Published by Atlantic Monthly Press on June 3rd 2014
Source: Library Book
From New England Book Award winner Lily King comes a breathtaking novel about three young anthropologists of the '30s caught in a passionate love triangle that threatens their bonds, their careers, and, ultimately, their lives.
English anthropologist Andrew Bankson has been alone in the field for several years, studying the Kiona river tribe in the Territory of New Guinea. Haunted by the memory of his brothers’ deaths and increasingly frustrated and isolated by his research, Bankson is on the verge of suicide when a chance encounter with colleagues, the controversial Nell Stone and her wry and mercurial Australian husband Fen, pulls him back from the brink. Nell and Fen have just fled the bloodthirsty Mumbanyo and, in spite of Nell’s poor health, are hungry for a new discovery. When Bankson finds them a new tribe nearby, the artistic, female-dominated Tam, he ignites an intellectual and romantic firestorm between the three of them that burns out of anyone’s control.
I recently joined my local library’s book club and I wanted to go ahead and start a feature here where I review the books we read.
I liked Euphoria, which surprised me. I have no interest in Anthropology, and I can honestly say that hanging out in Papa New Guinea without running water and modern day conveniences is not at all my idea of a dream job. But that’s why I love reading, because a good story can suddenly suck you in and make you care about subjects you never dreamed could be interesting.
The characters of the book are based on real life people. Nell is based on Margaret Mead- a woman who was truly ahead of her times. Brilliant and bold, Nell, like Mead, is fluid in her sexuality and dedicated to her research. Nell’s husband Ren is based off of Mead’s second husband Reo Fortune, although it’s this character that is probably the most changed by fiction, and Bankson is based on Gregory Bateson. The three form a strange love triangle (both in the book and in real life).
The story is told through mostly Bankson’s pov, but Nell is there in 3rd person and journal entries. While it was easy to relate to Bankson, who’s introduction to us in through a unsuccessful suicide attempt immediately grabbed my attention, it was Nell who fascinated me. The book is set in the 1930’s, a time when women with careers was still a novelty. Like Mead, Nell has just published a highly successful and controversial book, and her name is well known in scientific circles. She’s taken both male and female lovers before marrying Ren after a whirl wind ship romance. But it’s soon clear that their marriage is in trouble. Enter into the picture Bankson, who’s presence seems to add spark to both Ren and Nell.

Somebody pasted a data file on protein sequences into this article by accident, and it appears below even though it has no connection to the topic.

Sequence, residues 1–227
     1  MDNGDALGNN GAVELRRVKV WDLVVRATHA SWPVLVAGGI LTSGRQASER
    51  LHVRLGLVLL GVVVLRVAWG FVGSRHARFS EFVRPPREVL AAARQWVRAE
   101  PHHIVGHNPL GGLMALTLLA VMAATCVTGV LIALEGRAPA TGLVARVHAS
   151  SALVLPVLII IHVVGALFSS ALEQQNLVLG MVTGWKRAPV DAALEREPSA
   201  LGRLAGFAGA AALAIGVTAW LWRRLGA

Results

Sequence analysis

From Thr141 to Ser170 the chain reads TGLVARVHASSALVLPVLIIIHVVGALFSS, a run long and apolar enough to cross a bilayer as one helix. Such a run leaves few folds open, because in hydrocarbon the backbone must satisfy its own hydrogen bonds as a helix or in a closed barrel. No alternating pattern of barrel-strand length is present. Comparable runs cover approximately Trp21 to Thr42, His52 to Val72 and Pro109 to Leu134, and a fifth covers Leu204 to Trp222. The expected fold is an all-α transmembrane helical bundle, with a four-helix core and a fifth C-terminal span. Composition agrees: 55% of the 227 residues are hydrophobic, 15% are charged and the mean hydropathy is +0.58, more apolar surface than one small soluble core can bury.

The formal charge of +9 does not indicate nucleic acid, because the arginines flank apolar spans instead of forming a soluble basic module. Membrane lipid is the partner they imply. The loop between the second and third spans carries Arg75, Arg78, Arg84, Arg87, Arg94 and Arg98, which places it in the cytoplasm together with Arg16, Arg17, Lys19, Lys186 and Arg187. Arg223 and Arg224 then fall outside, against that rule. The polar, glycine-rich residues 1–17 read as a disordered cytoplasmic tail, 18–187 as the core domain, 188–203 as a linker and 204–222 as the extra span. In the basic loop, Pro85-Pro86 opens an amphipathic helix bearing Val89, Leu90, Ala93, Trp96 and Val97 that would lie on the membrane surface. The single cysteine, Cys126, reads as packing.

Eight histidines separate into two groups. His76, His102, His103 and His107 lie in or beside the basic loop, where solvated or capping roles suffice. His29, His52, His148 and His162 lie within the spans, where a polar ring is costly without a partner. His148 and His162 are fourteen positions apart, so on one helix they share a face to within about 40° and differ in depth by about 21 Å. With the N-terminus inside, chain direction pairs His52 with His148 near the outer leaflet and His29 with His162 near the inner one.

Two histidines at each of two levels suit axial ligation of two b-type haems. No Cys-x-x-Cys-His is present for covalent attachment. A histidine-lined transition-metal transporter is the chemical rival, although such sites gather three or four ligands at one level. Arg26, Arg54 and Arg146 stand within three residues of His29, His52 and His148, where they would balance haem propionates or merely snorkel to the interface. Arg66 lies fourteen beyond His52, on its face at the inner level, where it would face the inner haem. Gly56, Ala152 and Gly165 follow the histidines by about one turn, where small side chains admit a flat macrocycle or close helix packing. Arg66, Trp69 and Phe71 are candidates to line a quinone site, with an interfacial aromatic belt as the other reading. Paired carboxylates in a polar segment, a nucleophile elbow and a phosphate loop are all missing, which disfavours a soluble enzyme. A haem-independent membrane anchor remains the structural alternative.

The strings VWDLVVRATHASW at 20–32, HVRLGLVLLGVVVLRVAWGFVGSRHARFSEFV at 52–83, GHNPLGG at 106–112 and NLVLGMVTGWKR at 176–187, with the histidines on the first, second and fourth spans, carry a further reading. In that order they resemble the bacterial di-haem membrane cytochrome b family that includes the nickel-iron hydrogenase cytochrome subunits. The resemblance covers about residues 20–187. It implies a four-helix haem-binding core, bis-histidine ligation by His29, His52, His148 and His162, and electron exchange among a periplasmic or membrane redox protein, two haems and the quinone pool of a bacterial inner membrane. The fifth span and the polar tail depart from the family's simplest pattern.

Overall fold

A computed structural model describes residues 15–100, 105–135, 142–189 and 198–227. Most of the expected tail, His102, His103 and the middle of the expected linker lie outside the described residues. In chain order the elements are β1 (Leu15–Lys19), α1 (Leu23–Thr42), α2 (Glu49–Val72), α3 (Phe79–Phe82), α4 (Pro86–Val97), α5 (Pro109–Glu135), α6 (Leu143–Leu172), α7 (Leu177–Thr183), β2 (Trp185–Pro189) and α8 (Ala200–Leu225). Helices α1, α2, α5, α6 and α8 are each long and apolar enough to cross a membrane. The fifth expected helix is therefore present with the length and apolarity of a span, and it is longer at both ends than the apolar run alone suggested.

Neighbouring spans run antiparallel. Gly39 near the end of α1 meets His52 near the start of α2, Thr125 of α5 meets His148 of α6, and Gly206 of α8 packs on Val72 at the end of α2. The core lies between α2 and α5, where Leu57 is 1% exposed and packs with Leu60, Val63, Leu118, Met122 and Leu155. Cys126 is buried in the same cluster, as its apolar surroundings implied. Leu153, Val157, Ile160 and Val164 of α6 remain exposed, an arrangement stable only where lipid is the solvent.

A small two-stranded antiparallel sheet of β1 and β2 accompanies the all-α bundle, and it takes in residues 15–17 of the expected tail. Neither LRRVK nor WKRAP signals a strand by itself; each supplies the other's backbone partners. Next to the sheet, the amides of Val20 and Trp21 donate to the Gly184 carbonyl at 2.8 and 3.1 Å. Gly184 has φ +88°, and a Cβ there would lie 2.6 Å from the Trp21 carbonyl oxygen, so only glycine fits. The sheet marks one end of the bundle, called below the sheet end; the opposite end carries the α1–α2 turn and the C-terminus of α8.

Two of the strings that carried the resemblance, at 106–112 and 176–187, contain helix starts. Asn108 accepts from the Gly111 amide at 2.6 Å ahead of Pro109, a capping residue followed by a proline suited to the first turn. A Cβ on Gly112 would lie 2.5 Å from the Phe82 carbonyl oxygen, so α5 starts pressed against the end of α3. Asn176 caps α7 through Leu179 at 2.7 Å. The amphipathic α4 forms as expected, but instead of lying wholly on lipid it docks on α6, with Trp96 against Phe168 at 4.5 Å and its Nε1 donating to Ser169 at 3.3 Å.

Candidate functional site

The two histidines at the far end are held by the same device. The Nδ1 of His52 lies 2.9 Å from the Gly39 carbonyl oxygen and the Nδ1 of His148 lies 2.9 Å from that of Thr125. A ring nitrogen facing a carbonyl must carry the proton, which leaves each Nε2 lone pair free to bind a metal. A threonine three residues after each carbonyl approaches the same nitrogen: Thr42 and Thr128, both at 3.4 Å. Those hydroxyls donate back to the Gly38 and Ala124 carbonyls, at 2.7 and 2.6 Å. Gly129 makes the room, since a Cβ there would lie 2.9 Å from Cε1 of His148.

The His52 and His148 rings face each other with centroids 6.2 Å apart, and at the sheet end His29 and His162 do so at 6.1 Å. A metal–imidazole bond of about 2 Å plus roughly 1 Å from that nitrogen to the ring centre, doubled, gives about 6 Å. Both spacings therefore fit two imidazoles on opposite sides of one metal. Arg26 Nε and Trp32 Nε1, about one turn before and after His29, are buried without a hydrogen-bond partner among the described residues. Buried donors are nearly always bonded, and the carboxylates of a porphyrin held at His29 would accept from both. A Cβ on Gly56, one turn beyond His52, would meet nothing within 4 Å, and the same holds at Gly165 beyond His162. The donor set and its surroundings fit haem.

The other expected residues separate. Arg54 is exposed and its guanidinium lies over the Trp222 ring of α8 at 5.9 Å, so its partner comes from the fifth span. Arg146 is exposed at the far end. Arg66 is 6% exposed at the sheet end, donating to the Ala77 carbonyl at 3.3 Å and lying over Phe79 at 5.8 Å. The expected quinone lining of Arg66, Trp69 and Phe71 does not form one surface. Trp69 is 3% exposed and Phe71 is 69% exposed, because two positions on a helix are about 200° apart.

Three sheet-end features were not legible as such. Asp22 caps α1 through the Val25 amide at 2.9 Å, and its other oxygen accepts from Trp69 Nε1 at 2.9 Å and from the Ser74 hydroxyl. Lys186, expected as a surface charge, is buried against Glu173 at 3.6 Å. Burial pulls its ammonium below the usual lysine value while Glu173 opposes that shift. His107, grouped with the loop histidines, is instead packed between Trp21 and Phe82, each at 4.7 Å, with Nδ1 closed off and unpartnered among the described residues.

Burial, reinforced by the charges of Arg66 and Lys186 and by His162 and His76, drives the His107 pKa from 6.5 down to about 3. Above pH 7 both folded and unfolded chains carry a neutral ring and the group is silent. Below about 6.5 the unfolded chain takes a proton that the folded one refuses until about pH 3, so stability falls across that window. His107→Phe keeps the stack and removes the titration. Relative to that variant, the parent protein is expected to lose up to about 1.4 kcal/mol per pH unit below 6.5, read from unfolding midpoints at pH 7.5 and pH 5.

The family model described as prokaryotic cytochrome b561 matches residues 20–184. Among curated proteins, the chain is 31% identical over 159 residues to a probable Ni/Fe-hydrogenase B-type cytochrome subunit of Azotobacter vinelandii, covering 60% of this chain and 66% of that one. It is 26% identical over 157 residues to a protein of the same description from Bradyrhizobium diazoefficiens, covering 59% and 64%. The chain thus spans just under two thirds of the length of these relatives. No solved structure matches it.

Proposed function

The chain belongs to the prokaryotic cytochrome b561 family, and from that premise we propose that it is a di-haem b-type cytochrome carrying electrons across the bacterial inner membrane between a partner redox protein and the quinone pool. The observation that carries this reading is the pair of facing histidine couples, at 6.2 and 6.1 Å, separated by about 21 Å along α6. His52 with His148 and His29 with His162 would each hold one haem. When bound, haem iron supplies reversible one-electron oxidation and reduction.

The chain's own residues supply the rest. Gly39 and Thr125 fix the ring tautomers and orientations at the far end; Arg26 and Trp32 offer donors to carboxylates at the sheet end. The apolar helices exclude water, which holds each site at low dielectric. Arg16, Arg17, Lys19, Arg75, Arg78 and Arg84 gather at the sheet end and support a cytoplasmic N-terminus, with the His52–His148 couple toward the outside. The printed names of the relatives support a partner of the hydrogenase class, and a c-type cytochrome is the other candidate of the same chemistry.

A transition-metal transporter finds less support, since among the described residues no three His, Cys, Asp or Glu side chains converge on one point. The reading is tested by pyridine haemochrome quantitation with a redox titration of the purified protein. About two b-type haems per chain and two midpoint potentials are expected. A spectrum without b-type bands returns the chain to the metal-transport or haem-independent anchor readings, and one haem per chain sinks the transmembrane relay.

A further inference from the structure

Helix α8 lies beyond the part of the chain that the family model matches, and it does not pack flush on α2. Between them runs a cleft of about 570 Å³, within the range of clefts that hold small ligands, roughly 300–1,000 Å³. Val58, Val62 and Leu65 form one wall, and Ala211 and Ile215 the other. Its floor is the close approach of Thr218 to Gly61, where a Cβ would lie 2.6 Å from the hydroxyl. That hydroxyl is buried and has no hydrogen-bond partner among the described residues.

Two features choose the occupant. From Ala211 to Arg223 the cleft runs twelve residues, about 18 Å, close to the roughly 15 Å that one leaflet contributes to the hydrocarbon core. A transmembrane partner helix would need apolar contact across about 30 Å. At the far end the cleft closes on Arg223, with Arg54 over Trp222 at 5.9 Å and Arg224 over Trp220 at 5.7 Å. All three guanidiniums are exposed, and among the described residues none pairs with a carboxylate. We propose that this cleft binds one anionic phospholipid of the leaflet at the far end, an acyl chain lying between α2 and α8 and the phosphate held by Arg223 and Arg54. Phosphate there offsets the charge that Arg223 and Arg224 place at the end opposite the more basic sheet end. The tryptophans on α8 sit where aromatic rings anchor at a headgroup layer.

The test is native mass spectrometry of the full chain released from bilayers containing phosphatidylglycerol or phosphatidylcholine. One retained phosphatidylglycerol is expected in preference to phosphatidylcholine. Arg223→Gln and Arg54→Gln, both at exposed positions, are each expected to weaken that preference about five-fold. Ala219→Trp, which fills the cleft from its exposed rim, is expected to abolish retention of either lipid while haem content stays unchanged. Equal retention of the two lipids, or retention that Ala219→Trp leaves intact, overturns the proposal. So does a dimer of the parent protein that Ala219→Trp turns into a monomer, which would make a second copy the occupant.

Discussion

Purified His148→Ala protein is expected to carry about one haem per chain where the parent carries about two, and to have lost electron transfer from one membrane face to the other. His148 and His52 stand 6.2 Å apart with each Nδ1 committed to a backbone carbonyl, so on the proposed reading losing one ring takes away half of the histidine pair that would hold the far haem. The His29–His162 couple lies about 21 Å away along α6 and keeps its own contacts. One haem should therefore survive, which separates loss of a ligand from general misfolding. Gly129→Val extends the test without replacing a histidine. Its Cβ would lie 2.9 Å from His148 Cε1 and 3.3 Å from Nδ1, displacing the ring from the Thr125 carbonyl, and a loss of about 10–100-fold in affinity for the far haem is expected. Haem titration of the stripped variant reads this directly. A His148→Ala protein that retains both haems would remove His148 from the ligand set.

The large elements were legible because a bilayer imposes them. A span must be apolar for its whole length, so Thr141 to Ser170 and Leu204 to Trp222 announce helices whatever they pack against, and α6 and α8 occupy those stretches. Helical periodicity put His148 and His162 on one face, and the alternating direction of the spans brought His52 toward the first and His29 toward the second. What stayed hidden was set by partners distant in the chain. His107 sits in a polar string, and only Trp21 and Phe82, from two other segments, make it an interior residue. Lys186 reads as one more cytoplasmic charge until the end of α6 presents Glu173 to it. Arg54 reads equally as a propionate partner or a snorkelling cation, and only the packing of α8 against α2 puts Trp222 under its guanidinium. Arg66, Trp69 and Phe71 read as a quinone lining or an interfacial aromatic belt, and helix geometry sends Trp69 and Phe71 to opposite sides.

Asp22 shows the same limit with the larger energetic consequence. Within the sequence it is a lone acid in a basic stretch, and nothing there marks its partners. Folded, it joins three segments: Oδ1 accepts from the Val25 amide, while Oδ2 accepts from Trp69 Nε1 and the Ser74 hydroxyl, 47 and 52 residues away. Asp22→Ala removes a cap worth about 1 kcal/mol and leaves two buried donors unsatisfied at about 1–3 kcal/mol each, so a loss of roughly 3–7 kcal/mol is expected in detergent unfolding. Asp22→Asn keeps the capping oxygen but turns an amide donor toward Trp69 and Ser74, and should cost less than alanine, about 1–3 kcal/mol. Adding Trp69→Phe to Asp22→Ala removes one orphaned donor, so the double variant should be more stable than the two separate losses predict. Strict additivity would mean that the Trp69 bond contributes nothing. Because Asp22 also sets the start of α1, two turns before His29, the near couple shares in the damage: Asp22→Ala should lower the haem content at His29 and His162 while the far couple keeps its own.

The three characters quickly become entwined, and at some point I could not put the book down. I absolutely loved the ending. I don’t read a lot of literary fiction (a reason that I joined the book club, actually), because I find some of it to be pretentious, but while the writing is good here, it’s not bogged down with too much detail.
What the Book Club Thought
Euphoria had mixed reviews- some of us liked it and a couple members hated it. Some thought that King had done a great job bringing Papa New Guinea of the 1930’s into life, while some thought that the book could have delved more into the setting and the tribes that the characters were studying (I personally wanted to know more about the Tam, which I thought would have a larger role to play). Ren’s character was universally despised.
The librarian who led the discussion passed around pictures of the three real life people who inspired the book- up to a certain point, since the ending varies wildly from real life. We also discussed King’s background and research. We discussed Mead’s rather scandalous history- married several times, lovers of both sexes, controversial books and research, hardly the typical woman of her time!- and were all impressed at the life she forged for herself.
My favorite part of the discussion was about a plot point that several members missed while reading the book- it happens at the end and it’s only a few sentences, but it’s a major book bomb. When I brought it up, only one other reader had caught it, so it was fun diving into that chapter (chapter 28 for those of you who plan to read it), and it started off a lively discussion of how that changes the story.
What We’re Reading Next
The Good Lord Bird by James McBride